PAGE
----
Can you tell us a little bit about Inside Out, the final book in Off the Map trilogy?
Upside Down and Sideswiped were more about taking chances. In Inside Out, I wanted to explore what happens if you try something and fail, or (in Bran’s case) it doesn’t turn out the way you imagine. The twenty-something years are a perfect time for risk-taking, but that doesn’t mean every decision is going to go off without a hitch. However, with trying, comes learning, and every experience can hold a lesson. Also, I wanted to show Talia and Bran complete their character arcs and implement what they learned in the previous two books.
Does the 'Off the Map' trilogy have any autobiographical elements?
I met my husband during a study abroad trip to Australia and our first house was a small cottage in Hobart, Tasmania. We currently live in Santa Cruz, California and with the exception of Malawi, I’ve visited all the places mentioned in the books. My sister was a Peace Corps volunteer based in Malawi so her two-cents were invaluable.
You document Talia's mental health problems - which surface after the death of her sister – with great insight, do you have any obsessive compulsions yourself?
Yes, I have Obsessive Compulsive Disorder and generalized anxiety, two kissing cousins. These conditions have been part of my life since I was eleven and for a long time were an incredibly shameful secret. As a coping mechanism, I became an expert in self-deprecation and deflection. Writing Off the Map was an opportunity to “come out” as someone who struggles with mental health issues, but also an attempt to “normalize” the experience. I’m not a mega freak (most of the time). I’m the kind of person you’d stand next to in the coffee shop line. These days, I’m MUCH more aware of my own personal triggers and have made inroads to recovery. I go to therapy every week, have regular acupuncture, and manage my flare-ups with yoga and meditation. So far, this helps me manage my symptoms and I’m very grateful.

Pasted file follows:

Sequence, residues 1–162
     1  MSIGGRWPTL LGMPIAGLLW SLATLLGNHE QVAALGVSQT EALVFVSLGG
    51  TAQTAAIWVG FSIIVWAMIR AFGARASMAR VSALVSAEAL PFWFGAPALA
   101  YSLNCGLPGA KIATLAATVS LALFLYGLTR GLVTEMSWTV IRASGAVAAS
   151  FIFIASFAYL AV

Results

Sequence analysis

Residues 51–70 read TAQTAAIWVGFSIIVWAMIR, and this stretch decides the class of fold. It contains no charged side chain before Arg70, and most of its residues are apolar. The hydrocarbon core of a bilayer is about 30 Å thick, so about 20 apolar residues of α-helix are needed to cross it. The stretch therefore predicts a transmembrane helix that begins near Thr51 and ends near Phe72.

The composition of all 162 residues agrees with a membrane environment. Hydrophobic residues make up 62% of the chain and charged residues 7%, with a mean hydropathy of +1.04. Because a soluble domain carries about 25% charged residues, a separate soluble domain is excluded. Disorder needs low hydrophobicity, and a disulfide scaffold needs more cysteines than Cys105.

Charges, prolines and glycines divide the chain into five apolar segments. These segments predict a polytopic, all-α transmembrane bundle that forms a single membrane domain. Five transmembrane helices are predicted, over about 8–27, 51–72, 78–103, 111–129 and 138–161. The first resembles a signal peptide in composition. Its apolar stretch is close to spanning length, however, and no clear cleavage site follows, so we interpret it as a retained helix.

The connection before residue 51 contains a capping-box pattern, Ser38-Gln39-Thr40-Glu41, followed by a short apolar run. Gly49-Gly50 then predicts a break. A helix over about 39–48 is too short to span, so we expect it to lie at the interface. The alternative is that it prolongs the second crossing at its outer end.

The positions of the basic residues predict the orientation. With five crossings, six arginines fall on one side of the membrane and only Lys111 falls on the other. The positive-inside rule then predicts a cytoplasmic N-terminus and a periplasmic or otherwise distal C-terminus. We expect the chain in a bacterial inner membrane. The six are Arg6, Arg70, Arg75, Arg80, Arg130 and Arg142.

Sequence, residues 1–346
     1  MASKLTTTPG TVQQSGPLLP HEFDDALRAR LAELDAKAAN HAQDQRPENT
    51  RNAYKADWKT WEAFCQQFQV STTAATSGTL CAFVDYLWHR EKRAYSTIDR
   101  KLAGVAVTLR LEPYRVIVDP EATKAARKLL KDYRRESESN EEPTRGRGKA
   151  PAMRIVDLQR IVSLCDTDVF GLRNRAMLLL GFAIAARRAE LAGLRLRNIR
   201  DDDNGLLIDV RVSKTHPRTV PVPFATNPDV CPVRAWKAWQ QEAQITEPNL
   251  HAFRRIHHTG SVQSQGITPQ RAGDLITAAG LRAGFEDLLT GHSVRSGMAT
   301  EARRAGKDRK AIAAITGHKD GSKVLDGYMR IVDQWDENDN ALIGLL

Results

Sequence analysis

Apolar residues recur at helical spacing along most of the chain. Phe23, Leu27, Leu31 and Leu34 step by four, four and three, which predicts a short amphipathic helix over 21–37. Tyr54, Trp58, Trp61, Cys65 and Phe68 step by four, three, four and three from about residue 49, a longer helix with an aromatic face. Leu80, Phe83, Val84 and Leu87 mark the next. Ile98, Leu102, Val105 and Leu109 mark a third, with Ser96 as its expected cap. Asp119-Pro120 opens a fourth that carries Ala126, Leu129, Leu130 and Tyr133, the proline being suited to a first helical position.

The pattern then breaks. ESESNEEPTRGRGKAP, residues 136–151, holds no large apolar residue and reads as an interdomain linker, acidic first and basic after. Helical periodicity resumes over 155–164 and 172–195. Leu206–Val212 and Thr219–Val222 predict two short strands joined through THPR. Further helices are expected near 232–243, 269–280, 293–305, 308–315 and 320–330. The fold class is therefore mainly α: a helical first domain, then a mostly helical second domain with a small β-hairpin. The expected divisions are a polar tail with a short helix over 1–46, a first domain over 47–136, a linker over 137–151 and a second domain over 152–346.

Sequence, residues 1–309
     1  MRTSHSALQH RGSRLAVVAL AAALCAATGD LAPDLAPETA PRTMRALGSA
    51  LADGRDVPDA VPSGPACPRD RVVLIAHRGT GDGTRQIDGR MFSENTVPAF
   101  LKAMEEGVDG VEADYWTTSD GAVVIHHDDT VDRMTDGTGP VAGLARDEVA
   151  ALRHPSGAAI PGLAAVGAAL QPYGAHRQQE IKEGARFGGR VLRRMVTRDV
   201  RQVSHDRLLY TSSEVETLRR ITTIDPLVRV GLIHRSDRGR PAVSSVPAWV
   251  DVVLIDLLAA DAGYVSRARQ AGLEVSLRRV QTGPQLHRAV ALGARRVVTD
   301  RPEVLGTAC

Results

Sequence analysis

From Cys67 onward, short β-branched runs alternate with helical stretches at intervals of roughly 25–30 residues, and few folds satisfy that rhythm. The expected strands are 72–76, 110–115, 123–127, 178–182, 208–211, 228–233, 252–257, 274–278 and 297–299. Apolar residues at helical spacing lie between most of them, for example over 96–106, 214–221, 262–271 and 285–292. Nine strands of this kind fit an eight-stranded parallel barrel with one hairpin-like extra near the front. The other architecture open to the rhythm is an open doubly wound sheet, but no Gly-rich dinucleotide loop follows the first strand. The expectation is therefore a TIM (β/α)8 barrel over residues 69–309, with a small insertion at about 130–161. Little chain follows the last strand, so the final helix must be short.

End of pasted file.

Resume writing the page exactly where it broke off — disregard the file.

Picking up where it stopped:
Environmental issues are very important to Bran, do you share this ethic?
Activism was a major component in my own New Adult years. I took part in protest movements and forest campaigns. These days, we try to be a socially and environmentally conscious household, and fortunately live in a community that shares these ideals.
Was it always intended to be a trilogy, or did one story grow from the previous?
Originally, Upside Down was intended as a stand-alone. I pitched the book on three chapters with the idea that Sunny and Beth would have their own stories in the next two books. My editor bought the book on the condition I stretched Talia and Bran’s journey over three books. A tall order for a debut author. Luckily, I get the chance to tell Sunny and Beth’s stories in Off the Map companion novellas set for 2015.
How does writing a trilogy impact the writing process?
Writing the Off the Map trilogy was an absolute privilege. I loved being able to go down the rabbit hole with Talia and Bran, testing and growing them over three books. In the end, Talia came into her power and Bran transitioned from a baby man to a proper hero.
What is it like to return back to familiar characters?
Hanging out with old friends. I loved writing Marti again in Book #3 and have a mega soft spot for Sunny.